• 2 kg mussels (avoid the pre-cleaned and pre-packed, and buy them as fresh as you can. in france, choose ‘bouchot’, the best, grown on wooden posts)
  • 50 g butter
  • 2 tblsp sunflower oil
  • 1 garlic clove (finely chopped)
  • 2-3 shallots (finely chopped)
  • a good handful of curly parsley (finely chopped)
  • 2-3 glasses dry white wine
  • freshly ground black pepper


  • Clean the mussels under cold running water, then scrub them and pull off the gritty beards. Discard any that are open and do not close as you press on them.
  • In a very large, deep saucepan, heat the butter with the oil and gently sweat the garlic and shallots. Add the parsley, white wine and some pepper and bring to the boil.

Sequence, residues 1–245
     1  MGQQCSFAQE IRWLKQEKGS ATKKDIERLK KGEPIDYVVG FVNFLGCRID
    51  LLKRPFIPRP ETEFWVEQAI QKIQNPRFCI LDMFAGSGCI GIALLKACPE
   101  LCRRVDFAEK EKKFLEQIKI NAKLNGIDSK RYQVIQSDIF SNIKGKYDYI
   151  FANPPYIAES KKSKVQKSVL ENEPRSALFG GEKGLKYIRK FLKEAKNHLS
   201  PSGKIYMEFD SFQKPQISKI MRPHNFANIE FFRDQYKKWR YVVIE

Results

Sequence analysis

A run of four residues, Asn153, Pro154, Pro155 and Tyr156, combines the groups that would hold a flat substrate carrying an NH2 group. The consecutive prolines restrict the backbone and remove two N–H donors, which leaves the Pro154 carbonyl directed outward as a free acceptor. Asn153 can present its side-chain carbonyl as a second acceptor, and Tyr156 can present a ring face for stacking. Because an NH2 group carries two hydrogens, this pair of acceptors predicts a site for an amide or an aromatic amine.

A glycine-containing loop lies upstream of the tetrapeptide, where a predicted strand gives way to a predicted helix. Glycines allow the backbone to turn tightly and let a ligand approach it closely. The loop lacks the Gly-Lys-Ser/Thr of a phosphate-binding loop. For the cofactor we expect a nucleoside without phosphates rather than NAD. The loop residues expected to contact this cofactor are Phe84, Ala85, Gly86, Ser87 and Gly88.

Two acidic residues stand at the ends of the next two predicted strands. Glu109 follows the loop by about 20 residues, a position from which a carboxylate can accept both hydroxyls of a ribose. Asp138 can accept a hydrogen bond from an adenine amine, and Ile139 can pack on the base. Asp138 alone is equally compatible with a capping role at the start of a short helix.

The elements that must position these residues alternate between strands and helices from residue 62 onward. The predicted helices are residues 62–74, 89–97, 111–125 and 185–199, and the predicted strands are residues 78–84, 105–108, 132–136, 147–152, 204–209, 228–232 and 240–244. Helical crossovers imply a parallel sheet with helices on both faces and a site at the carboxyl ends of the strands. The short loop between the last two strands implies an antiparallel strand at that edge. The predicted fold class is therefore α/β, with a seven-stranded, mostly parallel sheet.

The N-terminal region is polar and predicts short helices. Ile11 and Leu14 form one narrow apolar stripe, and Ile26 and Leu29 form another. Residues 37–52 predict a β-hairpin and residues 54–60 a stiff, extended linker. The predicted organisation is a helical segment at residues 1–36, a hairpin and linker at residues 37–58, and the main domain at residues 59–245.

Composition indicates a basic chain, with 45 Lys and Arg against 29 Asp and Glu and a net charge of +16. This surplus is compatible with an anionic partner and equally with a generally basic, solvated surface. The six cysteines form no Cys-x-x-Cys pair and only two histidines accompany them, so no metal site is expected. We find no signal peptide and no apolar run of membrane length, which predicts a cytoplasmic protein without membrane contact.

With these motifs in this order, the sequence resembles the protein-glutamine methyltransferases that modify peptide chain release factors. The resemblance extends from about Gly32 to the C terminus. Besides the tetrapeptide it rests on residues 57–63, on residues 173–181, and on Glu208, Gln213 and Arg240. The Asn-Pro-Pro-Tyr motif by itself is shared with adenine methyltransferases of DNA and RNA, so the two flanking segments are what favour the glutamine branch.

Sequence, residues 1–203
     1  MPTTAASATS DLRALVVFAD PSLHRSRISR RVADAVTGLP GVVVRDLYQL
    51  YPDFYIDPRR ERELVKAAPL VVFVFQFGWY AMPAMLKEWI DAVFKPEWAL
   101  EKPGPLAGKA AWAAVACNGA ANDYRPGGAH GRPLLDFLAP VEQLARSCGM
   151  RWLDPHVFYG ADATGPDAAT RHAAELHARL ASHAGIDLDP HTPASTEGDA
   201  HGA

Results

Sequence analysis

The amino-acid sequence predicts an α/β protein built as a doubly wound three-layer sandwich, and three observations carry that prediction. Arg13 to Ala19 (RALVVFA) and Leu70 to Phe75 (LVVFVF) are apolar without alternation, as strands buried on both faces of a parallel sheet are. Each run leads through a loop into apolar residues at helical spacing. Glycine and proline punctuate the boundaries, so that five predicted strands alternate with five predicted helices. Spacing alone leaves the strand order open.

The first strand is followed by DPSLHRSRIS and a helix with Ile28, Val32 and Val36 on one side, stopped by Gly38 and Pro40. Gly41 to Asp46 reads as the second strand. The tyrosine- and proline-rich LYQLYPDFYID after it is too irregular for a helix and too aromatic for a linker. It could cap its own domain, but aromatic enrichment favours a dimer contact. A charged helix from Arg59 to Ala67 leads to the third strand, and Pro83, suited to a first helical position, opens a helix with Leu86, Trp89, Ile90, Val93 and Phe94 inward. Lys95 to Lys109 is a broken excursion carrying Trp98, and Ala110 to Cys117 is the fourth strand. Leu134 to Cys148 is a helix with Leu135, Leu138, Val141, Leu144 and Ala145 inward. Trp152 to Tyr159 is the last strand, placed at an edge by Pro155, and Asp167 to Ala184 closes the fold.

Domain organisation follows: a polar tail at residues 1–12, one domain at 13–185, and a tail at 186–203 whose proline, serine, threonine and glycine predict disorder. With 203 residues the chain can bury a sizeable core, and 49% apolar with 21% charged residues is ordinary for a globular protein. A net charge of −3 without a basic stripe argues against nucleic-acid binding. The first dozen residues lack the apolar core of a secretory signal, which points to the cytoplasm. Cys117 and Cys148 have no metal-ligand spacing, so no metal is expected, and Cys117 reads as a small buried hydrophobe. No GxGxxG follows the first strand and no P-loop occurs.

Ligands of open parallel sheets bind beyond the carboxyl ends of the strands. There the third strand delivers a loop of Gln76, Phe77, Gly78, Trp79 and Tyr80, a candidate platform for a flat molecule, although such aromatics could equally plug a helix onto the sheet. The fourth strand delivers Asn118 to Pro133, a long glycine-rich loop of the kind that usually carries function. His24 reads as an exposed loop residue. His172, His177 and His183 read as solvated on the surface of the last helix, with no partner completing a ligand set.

• Throw in the mussels, put the lid on and cook for 2-3 minutes. Give the pan a shake or dig down to the bottom once or twice with a ladle to make sure they cook evenly. The mussels are cooked when the shells are open and the flesh is tender. It’s a very fast process, of and steaming really rather than boiling.
  • Discard any mussels that have remained closed and then, with a large slotted spoon, transfer the mussels to deep plates. Ladle the glorious cooking liquid over them and serve.
  • Other tasty possibilities are cooking the mussels in pastis instead of wine, or for moules a la crème, adding a few tablespoons of crème frâiche to the cooking liquid after the mussels are cooked.